Be Careful What You DownloadJanuary 8, 2011 - 8:41 AM | by: Elizabeth Prann
Researchers and graduate students are developing a cell phone program that detects when applications you download take personal information from your phone and share it with advertisers.
“If you look at an application when you’re installing it, it says it has access to your location or it can access your phone identity,” said Will Enck, a researcher and Penn State University graduate student. “If it can also access the Internet, there’s the potential for that information to be used and shared out to servers on the Internet.”
The prototype application is called TaintDroid. It notifies a user when his or her personal information gets shared. Typically, the problems occur in popular and free apps like wallpapers and games.
“We looked at the top 50 free applications in every category in the Droid market and that gave us 1,100 applications. From that we looked at the applications that had different privacy sensitive information — and not just your location but your camera and microphone,” Enck said. “When you look at what a single person is doing over a period of time, if all that information is at one spot at a later time, someone can use that as a predictor as to what is going to happen next.”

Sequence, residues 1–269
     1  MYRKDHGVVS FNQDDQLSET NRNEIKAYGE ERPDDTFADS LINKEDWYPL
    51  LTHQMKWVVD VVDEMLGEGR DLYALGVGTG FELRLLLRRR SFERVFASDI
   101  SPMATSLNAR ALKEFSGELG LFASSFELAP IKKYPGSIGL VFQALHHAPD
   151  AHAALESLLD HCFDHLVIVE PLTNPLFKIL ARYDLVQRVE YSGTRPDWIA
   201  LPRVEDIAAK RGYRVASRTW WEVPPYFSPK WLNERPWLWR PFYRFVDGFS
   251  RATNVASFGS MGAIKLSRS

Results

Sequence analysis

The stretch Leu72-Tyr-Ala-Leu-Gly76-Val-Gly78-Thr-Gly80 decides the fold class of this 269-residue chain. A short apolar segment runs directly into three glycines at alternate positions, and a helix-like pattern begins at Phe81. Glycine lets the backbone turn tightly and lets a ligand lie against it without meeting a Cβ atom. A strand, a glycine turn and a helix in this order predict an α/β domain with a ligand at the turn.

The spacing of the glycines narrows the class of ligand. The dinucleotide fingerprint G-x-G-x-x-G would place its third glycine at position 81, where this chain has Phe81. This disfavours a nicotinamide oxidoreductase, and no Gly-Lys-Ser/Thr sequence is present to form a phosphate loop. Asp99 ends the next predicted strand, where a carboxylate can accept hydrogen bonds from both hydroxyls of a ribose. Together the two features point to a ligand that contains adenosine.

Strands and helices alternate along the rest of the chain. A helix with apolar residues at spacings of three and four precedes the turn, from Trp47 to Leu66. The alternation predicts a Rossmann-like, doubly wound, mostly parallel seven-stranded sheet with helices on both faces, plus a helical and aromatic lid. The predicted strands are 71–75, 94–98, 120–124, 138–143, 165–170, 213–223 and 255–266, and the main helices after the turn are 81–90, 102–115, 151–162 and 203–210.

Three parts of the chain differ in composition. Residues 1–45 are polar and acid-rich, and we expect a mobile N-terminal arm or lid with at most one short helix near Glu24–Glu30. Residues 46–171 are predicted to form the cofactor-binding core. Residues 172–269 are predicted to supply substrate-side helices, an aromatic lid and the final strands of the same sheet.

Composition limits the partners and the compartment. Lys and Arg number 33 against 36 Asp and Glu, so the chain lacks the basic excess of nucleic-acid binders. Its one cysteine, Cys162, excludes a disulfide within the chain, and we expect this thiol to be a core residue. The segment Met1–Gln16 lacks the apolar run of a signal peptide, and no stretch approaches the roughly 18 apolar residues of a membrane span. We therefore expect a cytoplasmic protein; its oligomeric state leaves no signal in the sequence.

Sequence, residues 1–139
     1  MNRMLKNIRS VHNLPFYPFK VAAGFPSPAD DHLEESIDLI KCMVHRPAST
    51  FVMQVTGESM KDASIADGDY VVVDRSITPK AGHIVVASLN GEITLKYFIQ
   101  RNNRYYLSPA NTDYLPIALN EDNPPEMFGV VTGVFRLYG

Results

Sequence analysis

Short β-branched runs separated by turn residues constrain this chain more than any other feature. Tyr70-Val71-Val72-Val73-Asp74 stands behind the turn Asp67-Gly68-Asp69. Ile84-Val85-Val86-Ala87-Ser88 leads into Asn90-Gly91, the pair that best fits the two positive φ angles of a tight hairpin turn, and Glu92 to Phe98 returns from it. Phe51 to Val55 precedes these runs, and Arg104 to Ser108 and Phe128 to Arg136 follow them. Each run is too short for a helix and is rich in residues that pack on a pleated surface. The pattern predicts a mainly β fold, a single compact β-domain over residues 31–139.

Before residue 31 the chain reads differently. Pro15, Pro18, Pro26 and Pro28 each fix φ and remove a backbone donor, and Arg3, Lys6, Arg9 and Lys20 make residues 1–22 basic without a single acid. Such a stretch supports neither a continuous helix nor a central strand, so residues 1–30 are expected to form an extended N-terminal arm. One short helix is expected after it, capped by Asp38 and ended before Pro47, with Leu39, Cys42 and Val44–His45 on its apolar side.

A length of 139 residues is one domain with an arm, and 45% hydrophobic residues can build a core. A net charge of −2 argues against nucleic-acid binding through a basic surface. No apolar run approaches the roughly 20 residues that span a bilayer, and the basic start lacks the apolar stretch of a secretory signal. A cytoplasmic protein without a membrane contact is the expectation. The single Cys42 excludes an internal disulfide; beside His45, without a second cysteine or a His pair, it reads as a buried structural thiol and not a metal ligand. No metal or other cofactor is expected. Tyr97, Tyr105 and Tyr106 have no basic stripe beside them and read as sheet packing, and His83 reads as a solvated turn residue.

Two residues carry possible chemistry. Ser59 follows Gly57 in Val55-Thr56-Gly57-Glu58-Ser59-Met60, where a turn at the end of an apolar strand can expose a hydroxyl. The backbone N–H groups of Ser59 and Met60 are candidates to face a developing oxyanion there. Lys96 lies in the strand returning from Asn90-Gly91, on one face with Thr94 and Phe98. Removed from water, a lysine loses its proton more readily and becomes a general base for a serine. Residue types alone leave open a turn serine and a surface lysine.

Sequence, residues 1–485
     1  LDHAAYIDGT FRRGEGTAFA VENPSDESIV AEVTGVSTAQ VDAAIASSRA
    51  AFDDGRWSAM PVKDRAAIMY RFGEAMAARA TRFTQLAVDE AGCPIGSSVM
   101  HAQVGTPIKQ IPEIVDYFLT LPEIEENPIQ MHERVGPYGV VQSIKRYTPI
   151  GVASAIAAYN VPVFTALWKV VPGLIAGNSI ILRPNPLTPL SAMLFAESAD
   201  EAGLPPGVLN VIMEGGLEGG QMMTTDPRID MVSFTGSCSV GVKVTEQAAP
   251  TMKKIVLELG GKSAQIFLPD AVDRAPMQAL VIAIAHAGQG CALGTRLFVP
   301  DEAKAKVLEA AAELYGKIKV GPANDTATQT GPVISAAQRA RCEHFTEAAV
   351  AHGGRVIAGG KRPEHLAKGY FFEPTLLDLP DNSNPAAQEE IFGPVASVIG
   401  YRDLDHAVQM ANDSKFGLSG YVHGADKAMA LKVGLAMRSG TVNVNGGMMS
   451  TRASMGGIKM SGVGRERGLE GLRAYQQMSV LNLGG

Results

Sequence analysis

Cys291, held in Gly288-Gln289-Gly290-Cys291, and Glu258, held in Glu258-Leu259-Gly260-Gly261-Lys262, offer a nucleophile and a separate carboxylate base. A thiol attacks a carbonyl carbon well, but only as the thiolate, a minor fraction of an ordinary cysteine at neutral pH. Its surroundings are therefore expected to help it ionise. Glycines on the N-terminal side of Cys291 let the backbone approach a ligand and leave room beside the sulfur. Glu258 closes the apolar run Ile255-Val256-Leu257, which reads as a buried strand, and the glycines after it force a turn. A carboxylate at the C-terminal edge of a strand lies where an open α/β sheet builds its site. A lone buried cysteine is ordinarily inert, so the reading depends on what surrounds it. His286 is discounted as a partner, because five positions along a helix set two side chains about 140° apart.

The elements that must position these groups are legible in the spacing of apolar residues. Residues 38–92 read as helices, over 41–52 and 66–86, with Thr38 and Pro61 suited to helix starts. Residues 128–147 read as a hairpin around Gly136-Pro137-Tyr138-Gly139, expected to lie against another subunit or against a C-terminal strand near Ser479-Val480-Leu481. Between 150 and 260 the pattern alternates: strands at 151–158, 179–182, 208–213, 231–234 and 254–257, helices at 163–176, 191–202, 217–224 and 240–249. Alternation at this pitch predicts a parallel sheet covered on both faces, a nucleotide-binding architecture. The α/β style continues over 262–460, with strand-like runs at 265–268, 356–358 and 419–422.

And according to Rebecca Jeschke, a spokeswoman for the Electronic Frontier Foundation, the information that leaves your phone is transmitted without your knowing, and it could go to more than one advertiser.
“There are lots of reasons why advertisers would want personal information about you, where you’re traveling, what you’re buying and what things that you are interested in. Targeted advertising can be very powerful. If your phone knows that you’re in a grocery store maybe that would be time to offer you a coupon,” said Jeschke.
And it isn’t just your cell phone. It’s also your home computer. Everything digital is vulnerable.
“When you use your cell or surf the web, you are creating a really detailed data trail of your interests, your likes and your dislikes. This is all extremely valuable information for an advertiser. Part of the problem is, this is a transaction that consumers aren’t often aware of,” Jeschke said. “They’re collecting your information, valuable information, and delivering you a service but maybe it’s a service you don’t want. Maybe you don’t want to give up that information.”
Both Jeschke and Enck suggest consumers stay proactive and educated on programs you download.
“The best way to protect yourself from that is when you’re installing an application to look at what that application can gain access to,” Enck said. Taking the time to read the small print could mean one less unwanted pop-up or advertisement.